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Page:Popular Science Monthly Volume 44.djvu/852

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834
THE POPULAR SCIENCE MONTHLY.

character may be inferred from the fact that he performed the responsible duties of a treasurer general for the Moravian Church in America. The mother of Lewis was Dorothea Elizabeth, daughter of Baron (afterward Bishop) John de Watteville, and Benigna, daughter of Lewis Nicholas, Count Zinzendorf. It was to Zinzendorf and Watteville that the renewal and resuscitation of the ancient church of the Unitas Fratrum, or Moravian Brethren, in the eighteenth century was mainly due. In 1733 two families of the Brethren crossed the frontier of Moravia by night and made their way to the estate of Count Zinzendorf in Saxony. Here they were joined by others, and in a few years the town of Herrnhut was built by the colonists. Zinzendorf took an interest in this settlement from the start, became a bishop in the church, and devoted his life to its service. The efforts of the Brethren were early turned toward foreign missions, and it was in furtherance of mission work that Zinzendorf and Watteville came to America and founded the first Moravian settlements in this country.

Being so closely connected with the re-founders of an ancient denomination, the parents of Lewis naturally looked forward to his becoming an able promoter of the interests of their church. He was their eldest son, of a decidedly intellectual temperament and an enthusiastic disposition, and when in early boyhood he developed the habit of addressing short speeches and little sermons to the family circle, his future seemed to be definitely marked out.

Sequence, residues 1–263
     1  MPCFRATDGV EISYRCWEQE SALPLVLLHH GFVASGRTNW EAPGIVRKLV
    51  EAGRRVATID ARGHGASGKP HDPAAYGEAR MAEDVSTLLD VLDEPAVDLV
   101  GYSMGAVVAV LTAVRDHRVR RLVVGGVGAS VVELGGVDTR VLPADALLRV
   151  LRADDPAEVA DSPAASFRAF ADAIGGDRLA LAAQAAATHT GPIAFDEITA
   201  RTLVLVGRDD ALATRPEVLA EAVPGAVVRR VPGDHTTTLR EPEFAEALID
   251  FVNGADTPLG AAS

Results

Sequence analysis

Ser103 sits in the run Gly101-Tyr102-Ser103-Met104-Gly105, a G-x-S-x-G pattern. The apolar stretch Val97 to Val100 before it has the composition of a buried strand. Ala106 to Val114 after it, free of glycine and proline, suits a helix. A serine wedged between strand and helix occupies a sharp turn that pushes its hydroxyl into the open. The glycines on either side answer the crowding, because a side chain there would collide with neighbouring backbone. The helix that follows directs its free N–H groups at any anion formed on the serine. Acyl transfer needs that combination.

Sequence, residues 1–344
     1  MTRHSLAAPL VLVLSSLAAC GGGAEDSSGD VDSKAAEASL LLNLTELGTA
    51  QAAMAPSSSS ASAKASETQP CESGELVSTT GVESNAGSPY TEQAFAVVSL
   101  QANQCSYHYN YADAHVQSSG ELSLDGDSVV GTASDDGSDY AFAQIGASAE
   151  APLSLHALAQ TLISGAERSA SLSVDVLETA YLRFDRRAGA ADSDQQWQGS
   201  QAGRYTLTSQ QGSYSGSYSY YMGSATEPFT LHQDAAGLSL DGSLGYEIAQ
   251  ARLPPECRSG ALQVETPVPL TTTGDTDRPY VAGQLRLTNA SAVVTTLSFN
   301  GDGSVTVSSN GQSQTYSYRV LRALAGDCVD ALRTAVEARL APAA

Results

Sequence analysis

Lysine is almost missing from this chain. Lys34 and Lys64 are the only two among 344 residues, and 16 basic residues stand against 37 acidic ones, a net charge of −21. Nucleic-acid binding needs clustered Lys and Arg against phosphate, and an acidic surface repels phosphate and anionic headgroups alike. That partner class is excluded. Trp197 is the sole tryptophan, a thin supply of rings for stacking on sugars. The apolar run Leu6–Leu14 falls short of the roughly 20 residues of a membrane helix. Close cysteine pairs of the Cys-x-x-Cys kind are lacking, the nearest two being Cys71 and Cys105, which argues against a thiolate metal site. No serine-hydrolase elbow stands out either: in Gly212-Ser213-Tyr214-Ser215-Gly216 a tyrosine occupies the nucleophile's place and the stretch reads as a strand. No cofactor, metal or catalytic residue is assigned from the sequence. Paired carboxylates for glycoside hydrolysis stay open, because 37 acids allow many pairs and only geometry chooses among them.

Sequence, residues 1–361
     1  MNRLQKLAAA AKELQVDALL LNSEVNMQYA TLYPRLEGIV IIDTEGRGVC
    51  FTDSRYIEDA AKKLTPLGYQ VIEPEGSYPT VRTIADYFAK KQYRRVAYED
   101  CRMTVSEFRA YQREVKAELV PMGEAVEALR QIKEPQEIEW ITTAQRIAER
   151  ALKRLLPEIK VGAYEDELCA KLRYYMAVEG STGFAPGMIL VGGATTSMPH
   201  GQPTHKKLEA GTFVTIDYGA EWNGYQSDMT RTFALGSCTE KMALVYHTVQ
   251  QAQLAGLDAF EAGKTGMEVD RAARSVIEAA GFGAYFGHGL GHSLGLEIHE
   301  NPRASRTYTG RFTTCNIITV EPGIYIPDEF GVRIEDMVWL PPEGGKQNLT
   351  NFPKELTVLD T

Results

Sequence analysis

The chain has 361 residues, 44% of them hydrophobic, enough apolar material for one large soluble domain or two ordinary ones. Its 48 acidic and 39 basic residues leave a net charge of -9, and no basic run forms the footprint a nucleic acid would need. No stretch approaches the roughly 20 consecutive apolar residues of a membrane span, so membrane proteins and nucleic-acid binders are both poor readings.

When a little more than seven years old, Lewis was placed in the acaderny of the Moravian community at Nazareth Hall, where he remained eleven years. Young Lewis received his first impulse toward scientific study when on a visit to this school with his grandfather. Bishop de Watteville, before he entered it as a pupil. Seeing a specimen of the Lichen digitatus lying on a table, the child examined it with interest, and was told its name and something about its physiology. From that moment he was wont to date his interest in the vegetable kingdom. After entering the school he received some instruction in the elements of botany. A partial flora of Nazareth and vicinity, made while he was at this institution, which remained among his manuscripts at his death, is evidence that this study took immediate hold upon the mind of the youth. During his school days his powers of language and his vein of satirical humor were occasionally manifested in poetical effusions. While still a pupil and not yet eighteen years of age he assisted in teaching some of the younger classes. Lewis had three brothers, none of whom ever turned to scientific pursuits, and two sisters.

In 1798 Hans von Schweinitz was called to Germany and took